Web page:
The cyber war game brought together 230 representatives of government agencies, private companies and other groups, and revealed failings in leadership, planning, and communications.
The threats are serious. Earlier this year, federal prosecutors charged 11 people with stealing more than 41 million credit and debit card numbers, cracking what appeared to be the largest hacking and identity theft network ever exposed.
"We're way behind where we need to be now," said Langevin. "This is equivalent in my mind to before September 11 ... we were awakened to the threat on the morning after September 11."
Mock War Game Findings Similar to CSIS Report
The mock cyber attack follows the December 8 release of the CSIS Cybersecurity Commission report, Securing Cyberspace for the 44th Presidency which found that America's failure to protect cyberspace is one of the most urgent national security problems facing the new administration.
The report claims that there has been immense damage to the national interest, citing major intrusions to various government departments during 2007 alone:
- The unclassified e-mail of the Office of the Secretary of Defense was hacked
- The Department of State had lost terabytes of information
- Homeland Security suffered break-ins in several of its divisions
- NASA had to impose e-mail restriction before shuttle launches and had allegedly seen designs for new launches compromised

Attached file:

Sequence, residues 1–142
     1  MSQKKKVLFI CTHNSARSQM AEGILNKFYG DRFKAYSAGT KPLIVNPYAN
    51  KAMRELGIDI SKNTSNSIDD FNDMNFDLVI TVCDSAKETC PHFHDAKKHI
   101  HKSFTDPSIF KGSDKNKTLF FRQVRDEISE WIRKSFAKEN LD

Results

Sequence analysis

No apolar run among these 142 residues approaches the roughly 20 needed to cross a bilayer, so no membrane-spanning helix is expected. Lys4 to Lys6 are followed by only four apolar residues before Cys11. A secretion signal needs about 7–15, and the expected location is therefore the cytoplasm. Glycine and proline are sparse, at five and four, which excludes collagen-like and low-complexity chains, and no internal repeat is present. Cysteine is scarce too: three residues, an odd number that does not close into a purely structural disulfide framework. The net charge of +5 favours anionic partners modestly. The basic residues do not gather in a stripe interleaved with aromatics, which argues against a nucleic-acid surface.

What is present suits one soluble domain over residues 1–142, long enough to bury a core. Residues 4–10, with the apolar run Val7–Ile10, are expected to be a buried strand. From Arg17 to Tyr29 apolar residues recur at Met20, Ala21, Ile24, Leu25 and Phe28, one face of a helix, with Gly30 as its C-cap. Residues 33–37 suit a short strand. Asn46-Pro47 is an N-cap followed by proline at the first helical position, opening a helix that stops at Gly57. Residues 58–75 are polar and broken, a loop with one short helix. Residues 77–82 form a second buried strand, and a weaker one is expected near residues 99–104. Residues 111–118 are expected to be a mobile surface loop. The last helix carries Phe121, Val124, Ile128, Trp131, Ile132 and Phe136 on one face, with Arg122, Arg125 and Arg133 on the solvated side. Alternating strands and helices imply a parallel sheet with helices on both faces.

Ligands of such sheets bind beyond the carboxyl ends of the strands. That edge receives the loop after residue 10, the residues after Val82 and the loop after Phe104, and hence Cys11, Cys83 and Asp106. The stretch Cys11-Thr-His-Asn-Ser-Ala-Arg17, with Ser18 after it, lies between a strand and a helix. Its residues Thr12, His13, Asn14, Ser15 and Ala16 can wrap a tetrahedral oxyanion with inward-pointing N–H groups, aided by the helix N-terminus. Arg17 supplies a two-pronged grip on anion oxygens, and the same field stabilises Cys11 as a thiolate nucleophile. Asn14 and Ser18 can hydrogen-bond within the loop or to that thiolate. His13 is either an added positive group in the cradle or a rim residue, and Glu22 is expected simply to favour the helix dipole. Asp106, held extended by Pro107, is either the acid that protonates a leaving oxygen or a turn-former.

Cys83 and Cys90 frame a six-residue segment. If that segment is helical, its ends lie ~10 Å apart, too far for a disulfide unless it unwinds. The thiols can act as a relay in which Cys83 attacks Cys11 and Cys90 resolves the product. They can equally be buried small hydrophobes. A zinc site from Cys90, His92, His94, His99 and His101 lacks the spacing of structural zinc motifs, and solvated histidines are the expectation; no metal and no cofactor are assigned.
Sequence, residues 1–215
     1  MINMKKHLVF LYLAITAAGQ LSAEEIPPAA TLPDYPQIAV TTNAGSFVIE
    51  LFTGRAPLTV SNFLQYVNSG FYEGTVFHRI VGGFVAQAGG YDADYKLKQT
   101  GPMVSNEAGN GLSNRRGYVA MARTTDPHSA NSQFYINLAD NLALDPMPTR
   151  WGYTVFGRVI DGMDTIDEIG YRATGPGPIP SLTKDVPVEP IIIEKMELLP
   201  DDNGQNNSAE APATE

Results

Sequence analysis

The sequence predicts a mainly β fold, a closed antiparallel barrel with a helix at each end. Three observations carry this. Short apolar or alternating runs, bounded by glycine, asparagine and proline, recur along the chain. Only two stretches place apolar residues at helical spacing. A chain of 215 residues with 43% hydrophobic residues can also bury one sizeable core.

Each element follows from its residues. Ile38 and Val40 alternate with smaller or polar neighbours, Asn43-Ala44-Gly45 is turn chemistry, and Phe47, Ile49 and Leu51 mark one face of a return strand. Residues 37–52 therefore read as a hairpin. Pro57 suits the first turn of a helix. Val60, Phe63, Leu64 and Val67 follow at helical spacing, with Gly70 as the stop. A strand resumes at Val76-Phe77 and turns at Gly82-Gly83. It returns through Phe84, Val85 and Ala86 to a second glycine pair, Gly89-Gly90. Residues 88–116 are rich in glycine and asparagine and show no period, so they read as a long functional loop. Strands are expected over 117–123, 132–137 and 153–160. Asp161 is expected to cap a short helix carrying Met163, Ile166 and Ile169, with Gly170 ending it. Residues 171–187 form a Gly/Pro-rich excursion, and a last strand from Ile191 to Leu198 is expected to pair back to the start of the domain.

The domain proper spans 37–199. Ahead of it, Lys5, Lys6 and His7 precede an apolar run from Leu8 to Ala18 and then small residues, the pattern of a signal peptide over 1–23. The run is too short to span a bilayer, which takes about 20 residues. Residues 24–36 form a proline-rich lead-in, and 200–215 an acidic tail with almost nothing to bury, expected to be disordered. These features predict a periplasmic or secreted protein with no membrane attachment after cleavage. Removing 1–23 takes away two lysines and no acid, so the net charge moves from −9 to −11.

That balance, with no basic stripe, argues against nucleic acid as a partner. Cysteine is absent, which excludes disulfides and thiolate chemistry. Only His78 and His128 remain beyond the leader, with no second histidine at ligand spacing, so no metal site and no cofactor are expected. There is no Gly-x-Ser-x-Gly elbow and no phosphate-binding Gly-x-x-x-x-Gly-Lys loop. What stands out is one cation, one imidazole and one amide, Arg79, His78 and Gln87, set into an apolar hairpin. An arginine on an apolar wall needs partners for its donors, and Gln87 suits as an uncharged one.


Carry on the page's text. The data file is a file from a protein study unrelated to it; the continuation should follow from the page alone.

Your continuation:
- The Department of Commerce was forced to take the Bureau of Industry and Security offline for several months
- The White House recently dealt with unidentifiable intrusions in its networks
Slashdot Puts Questions to Rep. Langevin
With the 98 page CSIS report raising more questions than answers, Slashdot solicited questions for Langevin in an attempt to better understand some of the recommendations. Yesterday Slashdot posted his reply.
The key points include:
- The advantages of moving towards a more operational-focused testing environment like red/blue teams and penetration testing
- The need to develop and issue standards and guidance for securing three specific critical cyber infrastructures - telecom, finance, and energy
- Whether or not cyber operations should be run by the White House
Having witnessed President Elect Obama's capabilities when it comes to all things Web, and having heard his intent to renew our information superhighway, we suspect he understands the importance of focusing on our cyber security issues and continues to build a stronger Internet for the citizens of the United States.
Photo credit: Marcos Papapopolus